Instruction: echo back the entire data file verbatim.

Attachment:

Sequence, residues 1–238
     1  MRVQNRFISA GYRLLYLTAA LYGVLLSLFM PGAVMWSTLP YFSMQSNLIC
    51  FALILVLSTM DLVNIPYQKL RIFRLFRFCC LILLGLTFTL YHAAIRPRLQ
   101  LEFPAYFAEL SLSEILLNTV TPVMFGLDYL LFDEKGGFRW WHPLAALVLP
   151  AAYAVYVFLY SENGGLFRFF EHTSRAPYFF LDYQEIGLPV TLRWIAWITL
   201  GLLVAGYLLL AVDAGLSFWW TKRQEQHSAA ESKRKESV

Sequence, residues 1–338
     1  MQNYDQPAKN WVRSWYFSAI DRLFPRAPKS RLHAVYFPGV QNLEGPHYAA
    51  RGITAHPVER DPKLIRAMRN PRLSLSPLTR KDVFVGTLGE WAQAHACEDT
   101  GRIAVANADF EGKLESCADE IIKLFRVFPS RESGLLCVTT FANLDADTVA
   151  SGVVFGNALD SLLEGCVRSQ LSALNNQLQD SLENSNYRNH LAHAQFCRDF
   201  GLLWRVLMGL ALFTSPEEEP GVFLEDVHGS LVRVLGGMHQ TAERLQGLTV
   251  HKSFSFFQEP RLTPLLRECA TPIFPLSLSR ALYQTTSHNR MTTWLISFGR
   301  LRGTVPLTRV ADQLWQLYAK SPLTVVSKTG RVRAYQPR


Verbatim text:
Sequence, residues 1–238
     1  MRVQNRFISA GYRLLYLTAA LYGVLLSLFM PGAVMWSTLP YFSMQSNLIC
    51  FALILVLSTM DLVNIPYQKL RIFRLFRFCC LILLGLTFTL YHAAIRPRLQ
   101  LEFPAYFAEL SLSEILLNTV TPVMFGLDYL LFDEKGGFRW WHPLAALVLP
   151  AAYAVYVFLY SENGGLFRFF EHTSRAPYFF LDYQEIGLPV TLRWIAWITL
   201  GLLVAGYLLL AVDAGLSFWW TKRQEQHSAA ESKRKESV

Sequence, residues 1–338
     1  MQNYDQPAKN WVRSWYFSAI DRLFPRAPKS RLHAVYFPGV QNLEGPHYAA
    51  RGITAHPVER DPKLIRAMRN PRLSLSPLTR KDVFVGTLGE WAQAHACEDT
   101  GRIAVANADF EGKLESCADE IIKLFRVFPS RESGLLCVTT FANLDADTVA
   151  SGVVFGNALD SLLEGCVRSQ LSALNNQLQD SLENSNYRNH LAHAQFCRDF
   201  GLLWRVLMGL ALFTSPEEEP GVFLEDVHGS LVRVLGGMHQ TAERLQGLTV
   251  HKSFSFFQEP RLTPLLRECA TPIFPLSLSR ALYQTTSHNR MTTWLISFGR
   301  LRGTVPLTRV ADQLWQLYAK SPLTVVSKTG RVRAYQPR